Business Class : ‘In for a penny, in for a pound’

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Here the background to this post. I started watching the 3rd season of ‘Suits’ this week and Harvey’s British client used the expression ‘ In for a penny, in for a pound’.  She was in trouble and she wanted to gamble with a riskier decision because the court would  put her in jail in any case if she was found guilty.

It comes from an old British expression that has since been americanized to  ‘in for a dime, in for a dollar‘. A dime is 10 cents.

Meaning

When gambling or taking a chance, you might as well go the whole way and take all the risks, not just some. Once involved, one should not stop at half – measures.

Etymology

It seems like it comes from a life a crime and risk takers. When people were taken in (i.e. brought to jail) for stealing a small amount of money, it was just as bad as for a large amount.  So it was better to steal a large amount and hope to get away with it (i.e. evade responsibility)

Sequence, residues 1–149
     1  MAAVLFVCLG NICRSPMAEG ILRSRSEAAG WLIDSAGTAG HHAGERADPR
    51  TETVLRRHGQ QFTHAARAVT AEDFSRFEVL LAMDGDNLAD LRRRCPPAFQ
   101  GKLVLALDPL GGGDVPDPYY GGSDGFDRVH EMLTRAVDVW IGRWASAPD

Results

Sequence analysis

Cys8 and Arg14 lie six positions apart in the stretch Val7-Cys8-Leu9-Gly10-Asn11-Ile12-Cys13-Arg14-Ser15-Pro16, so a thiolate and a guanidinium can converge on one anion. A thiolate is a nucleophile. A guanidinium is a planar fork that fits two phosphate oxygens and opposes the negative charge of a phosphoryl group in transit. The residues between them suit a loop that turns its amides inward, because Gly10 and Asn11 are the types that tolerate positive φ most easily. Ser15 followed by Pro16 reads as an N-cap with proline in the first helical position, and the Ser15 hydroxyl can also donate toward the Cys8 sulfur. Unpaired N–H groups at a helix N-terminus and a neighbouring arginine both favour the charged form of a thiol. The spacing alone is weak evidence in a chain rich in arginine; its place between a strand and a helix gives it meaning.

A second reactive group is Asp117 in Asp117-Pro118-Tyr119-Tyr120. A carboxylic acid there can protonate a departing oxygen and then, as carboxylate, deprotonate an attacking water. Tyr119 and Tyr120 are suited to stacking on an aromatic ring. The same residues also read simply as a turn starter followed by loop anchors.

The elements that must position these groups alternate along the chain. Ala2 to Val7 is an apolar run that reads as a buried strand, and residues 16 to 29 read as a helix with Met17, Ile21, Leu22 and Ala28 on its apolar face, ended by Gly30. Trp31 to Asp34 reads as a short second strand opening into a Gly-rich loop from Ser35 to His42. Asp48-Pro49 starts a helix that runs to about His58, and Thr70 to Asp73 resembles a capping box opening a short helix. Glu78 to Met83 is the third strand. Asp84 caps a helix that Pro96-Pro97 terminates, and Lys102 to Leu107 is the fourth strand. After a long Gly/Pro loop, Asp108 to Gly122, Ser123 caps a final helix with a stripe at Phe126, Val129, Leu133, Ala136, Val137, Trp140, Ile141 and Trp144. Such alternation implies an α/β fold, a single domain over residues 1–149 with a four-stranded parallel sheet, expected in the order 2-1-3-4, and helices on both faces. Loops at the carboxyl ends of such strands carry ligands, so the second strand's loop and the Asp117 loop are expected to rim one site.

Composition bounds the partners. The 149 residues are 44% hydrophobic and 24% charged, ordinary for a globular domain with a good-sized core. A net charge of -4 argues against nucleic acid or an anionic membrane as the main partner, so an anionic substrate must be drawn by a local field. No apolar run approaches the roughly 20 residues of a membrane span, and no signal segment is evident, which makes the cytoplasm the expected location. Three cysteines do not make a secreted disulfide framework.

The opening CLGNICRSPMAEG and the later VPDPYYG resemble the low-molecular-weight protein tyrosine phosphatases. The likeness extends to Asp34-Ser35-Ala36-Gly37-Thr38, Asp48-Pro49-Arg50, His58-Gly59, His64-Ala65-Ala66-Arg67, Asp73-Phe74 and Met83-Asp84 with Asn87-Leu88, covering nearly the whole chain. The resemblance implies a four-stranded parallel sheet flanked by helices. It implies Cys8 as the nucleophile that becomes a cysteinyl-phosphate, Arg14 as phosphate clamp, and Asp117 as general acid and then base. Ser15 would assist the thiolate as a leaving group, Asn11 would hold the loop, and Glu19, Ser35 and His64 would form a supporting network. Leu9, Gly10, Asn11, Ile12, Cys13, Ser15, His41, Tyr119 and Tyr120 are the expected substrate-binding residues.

Obverse side of a 1990 issued US Penny. Pictur...

Obverse side of a 1990 issued US Penny. Picture was created as a linear macro panoramic image, composed from 16 photos. (Photo credit: Wikipedia)

Examples in Use

  • We should not pay this amount. If they never audit us, we will have saved some money. In for a penny, in for a pound.
  • I dont think she is 100% right but at this point…in for a penny, in for a pound!
  • I’ve driven you to San Diego, might as well bring you all the way to Mexico. In for a penny, in for a pound!

Variations

  • In for a dime, in for a dollar
  • In for an inch, in for a mile
  • Might as well be hanged for a sheep as for a lamb
  • Might as well

Lem..xo!

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